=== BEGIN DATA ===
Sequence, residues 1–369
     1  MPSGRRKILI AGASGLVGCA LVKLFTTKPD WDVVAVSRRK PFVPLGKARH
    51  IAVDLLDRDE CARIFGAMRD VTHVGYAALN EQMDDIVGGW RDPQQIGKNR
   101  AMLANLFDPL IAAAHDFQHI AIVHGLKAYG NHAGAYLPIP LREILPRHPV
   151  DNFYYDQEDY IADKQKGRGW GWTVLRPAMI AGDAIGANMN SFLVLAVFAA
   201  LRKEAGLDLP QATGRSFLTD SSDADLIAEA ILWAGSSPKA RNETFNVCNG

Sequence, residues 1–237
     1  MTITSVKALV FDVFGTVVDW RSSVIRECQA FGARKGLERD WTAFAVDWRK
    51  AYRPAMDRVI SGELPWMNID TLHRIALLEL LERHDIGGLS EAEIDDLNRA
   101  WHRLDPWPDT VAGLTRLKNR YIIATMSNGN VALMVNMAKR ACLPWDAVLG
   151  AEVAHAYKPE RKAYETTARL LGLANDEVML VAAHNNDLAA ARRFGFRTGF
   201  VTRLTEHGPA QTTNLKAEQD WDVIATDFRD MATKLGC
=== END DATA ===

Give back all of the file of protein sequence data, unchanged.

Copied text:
Sequence, residues 1–369
     1  MPSGRRKILI AGASGLVGCA LVKLFTTKPD WDVVAVSRRK PFVPLGKARH
    51  IAVDLLDRDE CARIFGAMRD VTHVGYAALN EQMDDIVGGW RDPQQIGKNR
   101  AMLANLFDPL IAAAHDFQHI AIVHGLKAYG NHAGAYLPIP LREILPRHPV
   151  DNFYYDQEDY IADKQKGRGW GWTVLRPAMI AGDAIGANMN SFLVLAVFAA
   201  LRKEAGLDLP QATGRSFLTD SSDADLIAEA ILWAGSSPKA RNETFNVCNG

Sequence, residues 1–237
     1  MTITSVKALV FDVFGTVVDW RSSVIRECQA FGARKGLERD WTAFAVDWRK
    51  AYRPAMDRVI SGELPWMNID TLHRIALLEL LERHDIGGLS EAEIDDLNRA
   101  WHRLDPWPDT VAGLTRLKNR YIIATMSNGN VALMVNMAKR ACLPWDAVLG
   151  AEVAHAYKPE RKAYETTARL LGLANDEVML VAAHNNDLAA ARRFGFRTGF
   201  VTRLTEHGPA QTTNLKAEQD WDVIATDFRD MATKLGC